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  1. Life & Culture

With IllumiRoom, Microsoft thinks outside the box

Hot on the heels of Nintendo's announcement it would not be holding an E3 news conference unveiling anything for the struggling WiiU, Microsoft has announced it has loaded both barrels for a May 21 announcement of the next Xbox, still known as the 720.

But what is most interesting is what the company is only hinting at — in this case, its IllumiRoom research project.

We've seen this interactive projector before, because it was shown off at the Consumer Electronics Show back in January. But with an extended preview of the device at the Computer Human Interaction conference in Paris this week, Microsoft is showing its cards a bit, even if it insists it's still in the developmental stages.

The IllumiRoom, which is rumored to be a potential 720 add-on, is the kind of thing consoles need: A full-blown new way of seeing and playing our games. Motion controls are nice, and the PlayStation 4's simplified chip architecture is a good move, but so far Microsoft is the only company offering a truly different experience, and that may mean another round of Microsoft dominance in home consoles.

The IllumiRoom projector scans your playing area, maps the room and then augments the gamer's playing experience. The device can extend the game's graphics from the confines of the television, can add lighting effects, can provide tertiary gaming information or any combination thereof. It is, in the simplest of terms, the next step toward a Star Trek-style holodeck.

Gimmicky? Sure. Intriguing? Absolutely. There have been plenty of attempts to expand gaming beyond the screen, from the 3DS's augmented reality games to Sony's EyeToy to Microsoft's own Kinect, but this approach is different. Microsoft techies say that's the whole point.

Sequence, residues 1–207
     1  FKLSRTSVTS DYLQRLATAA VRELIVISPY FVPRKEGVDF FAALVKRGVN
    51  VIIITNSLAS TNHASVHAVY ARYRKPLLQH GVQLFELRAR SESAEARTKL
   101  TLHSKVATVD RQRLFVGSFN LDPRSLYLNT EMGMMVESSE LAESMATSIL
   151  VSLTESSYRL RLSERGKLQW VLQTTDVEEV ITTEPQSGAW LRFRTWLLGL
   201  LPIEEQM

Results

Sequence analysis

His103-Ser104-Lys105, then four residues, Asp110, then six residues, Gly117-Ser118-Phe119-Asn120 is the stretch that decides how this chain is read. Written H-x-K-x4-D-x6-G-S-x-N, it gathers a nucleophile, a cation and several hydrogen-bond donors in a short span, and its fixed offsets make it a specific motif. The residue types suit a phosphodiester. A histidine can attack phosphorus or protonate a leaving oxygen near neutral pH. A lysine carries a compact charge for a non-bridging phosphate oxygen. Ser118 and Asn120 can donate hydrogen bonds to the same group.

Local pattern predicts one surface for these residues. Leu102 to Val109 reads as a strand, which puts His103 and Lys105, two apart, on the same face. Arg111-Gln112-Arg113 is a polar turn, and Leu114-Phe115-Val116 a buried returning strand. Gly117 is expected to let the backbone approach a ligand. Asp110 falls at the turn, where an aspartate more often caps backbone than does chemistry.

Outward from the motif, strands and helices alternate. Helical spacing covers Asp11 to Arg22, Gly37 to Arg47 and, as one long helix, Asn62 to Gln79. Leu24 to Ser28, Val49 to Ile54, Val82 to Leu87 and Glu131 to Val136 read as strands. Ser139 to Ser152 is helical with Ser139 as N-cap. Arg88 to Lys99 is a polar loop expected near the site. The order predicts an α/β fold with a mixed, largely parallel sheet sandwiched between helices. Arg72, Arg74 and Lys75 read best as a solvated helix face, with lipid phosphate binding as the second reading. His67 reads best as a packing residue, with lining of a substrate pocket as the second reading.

"A lot of previous research has said, 'Let's take a virtual thing and put it in your physical environment,'" Microsoft Research intern Brett Jones told PC World. "What we wanted to do is take a physical environment and make it virtual."

YouTube videos of the demo show this immersive push can be as simple as simulating passing streetlights in a racing game to as complex as adding motion blurs and animating flying projectiles. None of the tricks seem all that necessary to control the games, (so far there are no IllumiRoom-specific titles, anyway), but the impression of being surrounded by the gameworld is fascinating, as long as you don't mind playing in a darkened room (it also works in a lit room, but what fun is that?).

Microsoft says the IllumiRoom won't be a part of the 720 unveiling, but there will be a public presentation of the project at SIGGRAPH 2013 in Anaheim, Calif., in July. By then we'll all know if we should even be impressed by the IllumiRoom's eye candy, or if we should be focusing on all the nifty things the 720 can do.

In any event, it means Microsoft researchers are delving into what is possible with next-gen home consoles, and really trying to find some new methods of interface. That's something Nintendo and Sony seem to have forgotten.

— Joshua Gillin writes about video games and entertainment news for tbt*. Feel free to challenge his opinions at